MOUNTAIN TRAVEL can present an occasional suprise. While traveling north on highway 89 we encountered a paving project on a narrow two lane portion. As we followed the pilot vehicle through the construction site, we got a close-up view of the entire operation. In just a 12 foot roadway width the crew was able to grind the old asphalt, remix it with fresh oil, and redistribute it on the road surface.

Pavement renewal jobs are "slick" - with many benefits especially in the mountains. Recycled asphalt mix is cheaper with a short contruction time, less exposure to work zone hazards, longer pavement life, and a reduced environmental footprint. That's win-win situation, and worth the minor traffic delay during our vacation trip.  Well done!

Posted
AuthorRich Monroe
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FOR COOL SUMMER HIKES why not visit Huddart Park snuggled on the Skyline Ridge near Woodside? Grassy meadows and numerous hiking trails make this is an ideal place to relax, picnic, and explore the redwoods -- and escape the summer heat. So -- like characters in a fairy tale -- we set off for an adventure into the woods. What surprises await there?

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The blue sky disappears above us as the trees close ranks to block the sun.  We meander along developed trails through ancient groves, humbled by giant redwoods while reassessing our own importance in the grand scheme of life.  Time is suspended and scale is different here in the woods.

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Forest wildlife ranges from lions to lizards (mountain lions to fence lizards, that is!)  Personally, I prefer an encounter with the occasional lizard -- much less stressful!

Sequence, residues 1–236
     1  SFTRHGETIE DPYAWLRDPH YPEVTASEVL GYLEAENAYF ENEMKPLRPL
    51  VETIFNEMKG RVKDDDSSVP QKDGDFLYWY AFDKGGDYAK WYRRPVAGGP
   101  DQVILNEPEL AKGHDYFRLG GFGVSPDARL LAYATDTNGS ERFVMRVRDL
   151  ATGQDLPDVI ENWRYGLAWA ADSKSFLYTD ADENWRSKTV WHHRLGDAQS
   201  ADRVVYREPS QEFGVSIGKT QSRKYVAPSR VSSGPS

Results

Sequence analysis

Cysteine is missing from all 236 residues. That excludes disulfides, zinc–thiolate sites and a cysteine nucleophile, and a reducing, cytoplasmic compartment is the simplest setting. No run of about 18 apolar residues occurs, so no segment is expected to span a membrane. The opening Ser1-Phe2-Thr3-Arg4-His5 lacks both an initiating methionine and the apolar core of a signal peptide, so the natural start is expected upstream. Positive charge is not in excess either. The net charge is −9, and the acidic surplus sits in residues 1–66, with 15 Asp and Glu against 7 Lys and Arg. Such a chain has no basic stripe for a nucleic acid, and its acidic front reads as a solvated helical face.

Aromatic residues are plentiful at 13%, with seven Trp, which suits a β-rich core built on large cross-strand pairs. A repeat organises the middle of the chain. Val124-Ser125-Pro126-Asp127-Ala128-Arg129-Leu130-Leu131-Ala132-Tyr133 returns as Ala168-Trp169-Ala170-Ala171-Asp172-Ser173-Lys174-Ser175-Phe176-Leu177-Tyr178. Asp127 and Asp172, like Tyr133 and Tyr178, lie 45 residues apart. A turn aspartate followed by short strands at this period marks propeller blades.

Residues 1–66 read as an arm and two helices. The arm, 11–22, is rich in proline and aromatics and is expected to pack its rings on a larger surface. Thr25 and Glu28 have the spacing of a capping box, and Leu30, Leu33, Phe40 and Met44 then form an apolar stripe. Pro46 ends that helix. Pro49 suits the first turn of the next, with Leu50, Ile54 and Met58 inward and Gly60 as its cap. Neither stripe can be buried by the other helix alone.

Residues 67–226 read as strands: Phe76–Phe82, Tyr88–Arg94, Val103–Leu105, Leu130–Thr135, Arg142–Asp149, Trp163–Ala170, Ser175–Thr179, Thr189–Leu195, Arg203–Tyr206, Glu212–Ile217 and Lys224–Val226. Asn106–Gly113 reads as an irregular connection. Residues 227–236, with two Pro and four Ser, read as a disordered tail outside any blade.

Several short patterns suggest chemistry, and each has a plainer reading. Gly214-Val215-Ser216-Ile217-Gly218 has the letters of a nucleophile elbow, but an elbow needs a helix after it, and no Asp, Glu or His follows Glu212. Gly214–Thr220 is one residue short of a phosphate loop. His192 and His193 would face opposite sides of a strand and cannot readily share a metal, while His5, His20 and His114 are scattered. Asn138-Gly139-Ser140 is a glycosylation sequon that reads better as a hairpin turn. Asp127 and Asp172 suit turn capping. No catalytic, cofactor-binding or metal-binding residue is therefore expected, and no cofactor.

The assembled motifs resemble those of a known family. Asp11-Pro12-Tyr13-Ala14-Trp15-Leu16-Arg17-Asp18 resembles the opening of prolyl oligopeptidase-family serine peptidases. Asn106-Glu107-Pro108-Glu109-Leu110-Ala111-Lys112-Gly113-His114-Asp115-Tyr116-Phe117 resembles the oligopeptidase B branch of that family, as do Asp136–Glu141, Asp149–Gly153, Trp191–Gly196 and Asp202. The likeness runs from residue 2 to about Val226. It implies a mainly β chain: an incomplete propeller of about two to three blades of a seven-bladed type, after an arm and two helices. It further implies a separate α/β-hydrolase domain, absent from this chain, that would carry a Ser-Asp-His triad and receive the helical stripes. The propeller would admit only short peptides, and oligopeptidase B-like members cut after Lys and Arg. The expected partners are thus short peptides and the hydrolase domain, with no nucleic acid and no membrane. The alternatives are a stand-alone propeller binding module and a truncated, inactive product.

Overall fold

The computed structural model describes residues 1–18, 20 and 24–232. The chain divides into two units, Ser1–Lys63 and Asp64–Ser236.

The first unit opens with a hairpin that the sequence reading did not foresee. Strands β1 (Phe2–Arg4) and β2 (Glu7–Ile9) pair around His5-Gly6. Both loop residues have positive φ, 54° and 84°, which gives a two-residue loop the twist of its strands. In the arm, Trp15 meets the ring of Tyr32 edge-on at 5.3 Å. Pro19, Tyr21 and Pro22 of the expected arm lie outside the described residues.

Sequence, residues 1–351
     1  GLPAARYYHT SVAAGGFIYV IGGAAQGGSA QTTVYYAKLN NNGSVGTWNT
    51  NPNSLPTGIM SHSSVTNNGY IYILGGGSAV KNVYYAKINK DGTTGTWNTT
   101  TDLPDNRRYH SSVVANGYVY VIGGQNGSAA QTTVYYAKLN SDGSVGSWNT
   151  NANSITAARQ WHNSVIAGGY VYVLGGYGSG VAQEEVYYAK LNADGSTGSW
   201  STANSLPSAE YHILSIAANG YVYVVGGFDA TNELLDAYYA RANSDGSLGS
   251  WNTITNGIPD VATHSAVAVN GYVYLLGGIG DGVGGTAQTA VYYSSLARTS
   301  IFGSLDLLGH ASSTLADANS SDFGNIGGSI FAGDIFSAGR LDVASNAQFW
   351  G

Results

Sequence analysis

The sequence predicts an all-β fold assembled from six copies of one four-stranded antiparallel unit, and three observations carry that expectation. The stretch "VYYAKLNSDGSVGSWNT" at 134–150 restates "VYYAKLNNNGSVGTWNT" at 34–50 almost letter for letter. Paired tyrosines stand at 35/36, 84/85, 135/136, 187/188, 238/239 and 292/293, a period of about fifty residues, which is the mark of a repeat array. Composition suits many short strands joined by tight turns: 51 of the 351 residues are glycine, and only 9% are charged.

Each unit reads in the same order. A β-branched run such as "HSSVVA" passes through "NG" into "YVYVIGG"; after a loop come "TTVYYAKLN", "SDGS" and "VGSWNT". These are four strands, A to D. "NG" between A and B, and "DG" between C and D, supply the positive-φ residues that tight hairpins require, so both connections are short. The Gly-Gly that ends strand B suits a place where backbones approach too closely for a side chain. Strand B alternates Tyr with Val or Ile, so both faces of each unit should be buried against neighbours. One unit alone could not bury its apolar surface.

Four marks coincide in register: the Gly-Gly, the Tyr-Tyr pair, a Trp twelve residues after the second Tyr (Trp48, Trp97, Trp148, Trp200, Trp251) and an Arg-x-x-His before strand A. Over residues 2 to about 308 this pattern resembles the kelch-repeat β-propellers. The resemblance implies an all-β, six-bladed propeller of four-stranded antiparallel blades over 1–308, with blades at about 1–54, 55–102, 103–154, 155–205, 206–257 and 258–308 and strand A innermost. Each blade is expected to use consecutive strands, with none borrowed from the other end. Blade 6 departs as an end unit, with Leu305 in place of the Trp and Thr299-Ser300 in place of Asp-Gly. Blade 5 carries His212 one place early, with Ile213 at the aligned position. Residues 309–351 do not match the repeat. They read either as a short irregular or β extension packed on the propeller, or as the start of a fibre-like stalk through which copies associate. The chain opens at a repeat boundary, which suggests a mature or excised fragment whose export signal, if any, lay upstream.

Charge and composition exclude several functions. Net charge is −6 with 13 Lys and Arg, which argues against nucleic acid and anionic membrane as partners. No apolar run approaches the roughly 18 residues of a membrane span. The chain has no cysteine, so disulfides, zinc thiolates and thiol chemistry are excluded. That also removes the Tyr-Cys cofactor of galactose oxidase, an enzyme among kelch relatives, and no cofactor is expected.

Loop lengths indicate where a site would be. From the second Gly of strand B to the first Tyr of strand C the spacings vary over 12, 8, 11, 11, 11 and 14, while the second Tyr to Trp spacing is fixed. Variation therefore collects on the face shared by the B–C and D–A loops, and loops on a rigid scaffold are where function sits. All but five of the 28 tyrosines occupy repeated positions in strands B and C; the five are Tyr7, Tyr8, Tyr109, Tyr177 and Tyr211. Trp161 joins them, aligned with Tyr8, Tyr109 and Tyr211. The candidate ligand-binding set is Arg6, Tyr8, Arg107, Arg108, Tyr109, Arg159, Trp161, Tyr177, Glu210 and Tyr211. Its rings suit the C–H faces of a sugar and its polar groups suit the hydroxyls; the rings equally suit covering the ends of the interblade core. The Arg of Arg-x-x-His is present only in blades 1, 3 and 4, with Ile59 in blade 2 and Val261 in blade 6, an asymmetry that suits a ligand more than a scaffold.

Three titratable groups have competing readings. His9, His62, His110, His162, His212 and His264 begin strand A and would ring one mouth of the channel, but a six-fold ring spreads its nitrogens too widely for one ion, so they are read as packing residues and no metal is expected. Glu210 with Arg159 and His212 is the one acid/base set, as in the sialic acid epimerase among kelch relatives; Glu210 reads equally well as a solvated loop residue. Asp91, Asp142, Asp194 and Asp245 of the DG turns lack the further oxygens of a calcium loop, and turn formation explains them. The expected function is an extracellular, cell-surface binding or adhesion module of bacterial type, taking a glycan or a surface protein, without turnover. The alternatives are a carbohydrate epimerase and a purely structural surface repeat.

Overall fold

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Speaking of encounters, we sometimes come upon an equestrian party on the trail.  After all, the Woodside paddocks and stables aren't far away.  It's very clear who has the right of way here, so we just smile politely and step aside.

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Passing deeper into the forest we enjoy the cool shade, the sweet pine smell, and recognize signs of nature's cycle of life: birth and growth, death and decay.  In good conditions redwoods grow more than a foot per year.  Coast redwoods can live incredibly long (up to 2,000 years) growing taller than any other tree in the world, only exceeded by the giant sequoias and bristlecone pines in the high Sierras.  Amazing!

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Of course, the survival of this giant living garden relies on sunlight and moisture from fog and rains, decaying nutrients on the forest floor, and the constant attention of bugs and critters like the lowly banana slug who process natural ingredients that redwoods can readily absorb.  So we watch for and carefully avoid stepping on these brightly colored mollusks.  The redwoods depend on it!

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Posted
AuthorRich Monroe